‘NCIS: Los Angeles’ Series Finale: Why the Showrunner Left One Storyline Open

“We tried to put everyone in a happy place. And I think we did that,” R. Scott Gemmill tells TheWrap of Sunday’s final episode

LL Cool J, R. Scott Gemmill, and Chris O'Donnell, "NCIS: Los Angeles" series wrap party
(L-R) LL Cool J, R. Scott Gemmill, and Chris O'Donnell attend the CBS' "NCIS: Los Angeles" series wrap party on March 03, 2023. (Rodin Eckenroth/Getty Images)

This article contains spoilers for the “NCIS: Los Angeles” series finale.

“NCIS: Los Angeles” showrunner R. Scott Gemmill’s goal with the series finale on Sunday, May 21 was to give the characters of the long-running CBS procedural as happy an ending as possible.

“It really was about trying to find a way to wrap up the series that would leave the fans feeling hopeful for the future of all our characters. And so we gave everyone what we figured was their version of happily ever after… at least for the time being,” he told TheWrap in a recent interview.

To that end, in the final episode, Callen (Chris O’Donnell) and Anna (Bar Paly) tie the knot in an impromptu ceremony attended by the rest of the team — except for Hetty (Linda Hunt), who sends a congratulatory note.

NCIS: Los Angeles series finale
Anna (Bar Paly) and Callen (Chris O’Donnell) have an impromptu wedding on the series finale of “NCIS” (Sonja Flemming/CBS)

Sam Hanna (LL Cool J) finds a promising Alzheimer’s study for his father Raymond (Richard Gant), Kensi Blye (Daniela Ruah) tells Marty Deeks (Eric Christan Olsen) that she’s pregnant and Devin Rountree’s (Caleb Castille) legal case against the LAPD is satisfactorily settled.

“We really knew we had to go through each character and figure out what would be best for them, what place would be the happiest for them once we say goodbye,” Gemmill said.

However, the series leaves one storyline open, with Sam and Callen being summoned by Hetty for a “side project” in Morocco. When they get there, they instead find Nell (Renée Felice Smith), Nate (Peter Cambor) and Vostanik Sabatino (Erik Palladino), who need their help to rescue Hetty, who, as Nell put it, “got herself into a bit of a pickle.” Nell asks, “Are you ready for your next adventure?” and, of course, they are indeed.

TheWrap: How hard is it to wrap up such a long-running show and try to tie up all the loose ends?
R. Scott Gemmill: It’s very difficult to be honest. You know, there’s a lot of emotion involved because you live with these characters for so long and and then try to put them to bed after all that time. Not really easy, but hopefully we did a good job.

You decided to leave things open with Hetty, sending Sam and Callen on another adventure to go save her. Why did you go that route?
It just seemed like that was a storyline that we needed to resolve. And what better way than to go and send a rescue team?

What would you say set “LA” off from the other “NCIS” series?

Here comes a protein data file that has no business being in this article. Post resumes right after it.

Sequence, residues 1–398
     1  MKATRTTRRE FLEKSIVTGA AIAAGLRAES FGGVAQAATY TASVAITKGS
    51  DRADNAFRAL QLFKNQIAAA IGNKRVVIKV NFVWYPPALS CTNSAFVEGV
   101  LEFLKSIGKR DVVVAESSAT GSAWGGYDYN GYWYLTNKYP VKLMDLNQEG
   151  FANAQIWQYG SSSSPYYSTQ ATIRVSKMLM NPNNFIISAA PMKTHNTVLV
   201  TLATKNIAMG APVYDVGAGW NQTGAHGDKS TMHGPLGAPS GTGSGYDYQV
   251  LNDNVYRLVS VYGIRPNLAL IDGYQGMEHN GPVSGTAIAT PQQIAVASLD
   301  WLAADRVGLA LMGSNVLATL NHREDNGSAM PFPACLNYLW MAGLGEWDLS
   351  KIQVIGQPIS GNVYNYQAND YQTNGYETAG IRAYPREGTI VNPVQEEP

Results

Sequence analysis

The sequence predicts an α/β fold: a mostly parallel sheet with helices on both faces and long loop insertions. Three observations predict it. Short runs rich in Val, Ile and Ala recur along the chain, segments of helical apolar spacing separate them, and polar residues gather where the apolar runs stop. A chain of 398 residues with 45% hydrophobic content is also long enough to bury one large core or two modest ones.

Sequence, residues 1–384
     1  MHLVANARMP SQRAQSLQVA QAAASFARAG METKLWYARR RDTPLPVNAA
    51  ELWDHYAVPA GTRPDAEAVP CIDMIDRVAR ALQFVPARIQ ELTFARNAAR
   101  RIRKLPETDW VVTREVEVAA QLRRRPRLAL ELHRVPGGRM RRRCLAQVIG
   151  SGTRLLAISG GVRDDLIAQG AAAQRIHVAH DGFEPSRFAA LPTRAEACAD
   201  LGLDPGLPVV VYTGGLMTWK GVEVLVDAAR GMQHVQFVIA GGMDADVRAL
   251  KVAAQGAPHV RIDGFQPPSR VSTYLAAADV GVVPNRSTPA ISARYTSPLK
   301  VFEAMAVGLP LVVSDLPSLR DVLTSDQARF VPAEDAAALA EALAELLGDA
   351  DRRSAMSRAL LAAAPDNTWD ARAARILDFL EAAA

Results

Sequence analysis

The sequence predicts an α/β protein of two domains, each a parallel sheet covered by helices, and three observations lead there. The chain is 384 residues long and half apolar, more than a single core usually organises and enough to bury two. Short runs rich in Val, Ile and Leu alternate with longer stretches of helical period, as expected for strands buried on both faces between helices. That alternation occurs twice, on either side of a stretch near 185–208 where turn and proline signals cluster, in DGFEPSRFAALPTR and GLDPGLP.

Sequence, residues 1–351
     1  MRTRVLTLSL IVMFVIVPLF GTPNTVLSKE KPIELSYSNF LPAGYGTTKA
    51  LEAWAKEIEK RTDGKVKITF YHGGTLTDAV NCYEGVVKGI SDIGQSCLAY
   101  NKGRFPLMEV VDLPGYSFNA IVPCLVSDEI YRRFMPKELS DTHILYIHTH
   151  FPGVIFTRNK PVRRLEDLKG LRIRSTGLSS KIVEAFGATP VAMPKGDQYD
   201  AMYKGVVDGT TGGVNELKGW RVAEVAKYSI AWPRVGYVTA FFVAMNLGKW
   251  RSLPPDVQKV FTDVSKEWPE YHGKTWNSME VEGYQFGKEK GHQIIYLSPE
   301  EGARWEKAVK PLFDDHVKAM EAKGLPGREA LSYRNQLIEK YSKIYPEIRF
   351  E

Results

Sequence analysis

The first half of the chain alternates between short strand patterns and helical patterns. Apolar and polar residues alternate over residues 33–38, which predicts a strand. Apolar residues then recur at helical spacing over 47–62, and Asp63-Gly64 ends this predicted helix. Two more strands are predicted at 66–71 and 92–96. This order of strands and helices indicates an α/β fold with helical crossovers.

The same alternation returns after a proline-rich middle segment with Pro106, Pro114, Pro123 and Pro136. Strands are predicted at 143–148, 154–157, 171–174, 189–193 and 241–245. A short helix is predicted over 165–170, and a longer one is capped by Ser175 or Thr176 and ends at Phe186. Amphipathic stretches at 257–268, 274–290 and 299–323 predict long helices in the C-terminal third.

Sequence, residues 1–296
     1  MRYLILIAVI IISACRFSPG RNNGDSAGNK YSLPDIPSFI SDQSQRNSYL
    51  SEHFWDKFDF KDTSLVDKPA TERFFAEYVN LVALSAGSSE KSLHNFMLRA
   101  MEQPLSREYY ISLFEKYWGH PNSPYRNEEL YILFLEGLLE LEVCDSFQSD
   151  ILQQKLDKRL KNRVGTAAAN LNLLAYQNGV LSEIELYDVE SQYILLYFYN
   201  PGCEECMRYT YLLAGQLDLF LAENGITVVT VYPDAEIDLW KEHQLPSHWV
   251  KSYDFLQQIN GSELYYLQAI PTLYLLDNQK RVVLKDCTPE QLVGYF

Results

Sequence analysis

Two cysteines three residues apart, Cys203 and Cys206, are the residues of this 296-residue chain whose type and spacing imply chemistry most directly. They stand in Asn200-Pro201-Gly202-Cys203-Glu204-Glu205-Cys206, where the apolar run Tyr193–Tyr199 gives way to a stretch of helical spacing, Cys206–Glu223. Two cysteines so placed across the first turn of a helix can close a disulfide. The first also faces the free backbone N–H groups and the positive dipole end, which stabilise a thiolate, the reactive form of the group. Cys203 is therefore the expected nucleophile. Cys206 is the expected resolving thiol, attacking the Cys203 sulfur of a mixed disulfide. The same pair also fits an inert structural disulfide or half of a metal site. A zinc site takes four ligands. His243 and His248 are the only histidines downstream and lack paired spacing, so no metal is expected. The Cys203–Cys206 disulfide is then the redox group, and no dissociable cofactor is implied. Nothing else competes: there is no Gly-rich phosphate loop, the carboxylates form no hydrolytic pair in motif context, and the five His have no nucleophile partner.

I think the real difference was probably the familial nature of the show. Everyone was there to have fun. Even though we took on some serious cases, at the end of the day, it’s really a family that enjoys working and playing together. And that’s true behind the scenes and I think that translates onto the screen. I think you can feel that when you watch the show that we’re having fun while we’re doing it.

The show never really got that dark. Was that a conscious choice?
We did some darker episodes. For me, what I thought the show did best was that when you tuned in you knew you were gonna have an hour of escapism. It wasn’t gonna leave you stressed out or worse than when you turned it on. I find some of the darker shows are so dark that it’s stressful, and our show is the exact opposite. We have some laughs and some good times, see a little fun action and then that you can get back to your life. But I always thought our show was this sort of hopeful escape.

You’ve gone 14 years with very little changes to the cast line-up. How rare is that?
Yeah, a lot of shows may run 12 years or so. But by that time you get there, [you may have] replaced the entire cast. We’ve added some people, but we have our main four so I think that this shows you how much everyone enjoyed working on the show and then working together.

What’s next for you? Do you have something lined up or are you taking time off?
A little bit of both. I had some things I was working on before the [WGA] strike came, so everything’s on hold while we, hopefully, resolve this. So at the moment, I’m taking a forced vacation, which is a vacation nonetheless. 

Are you staying in touch with the cast and crew?
Oh yeah. I was just talking to Lance, my props guy, yesterday, and I talked to Eric Christian Olsen this morning. A lot of us are friends outside of the show. It’s inevitable when you work with someone for 14 years. We’ll all be together. And there’s a good chance we’ll be working together [again]. There are other projects we’ve been kicking around. And Hollywood is a small town at the end of the day. 

Deeks’ line about “teamwork makes the dreamwork” kind of sums up the show.
Yeah, it’s been a real family, as much behind as in front of the camera. It’s bittersweet. All of us are so grateful that we had so much time together, but it is tough saying goodbye to everyone.

The series finale of “NCIS: LA” airs Sunday, May 21 at 9 p.m. ET/PT on CBS, followed by “A Salute to NCIS: Los Angeles” special hosted by Kevin Frazier, at 10 p.m. ET/PT.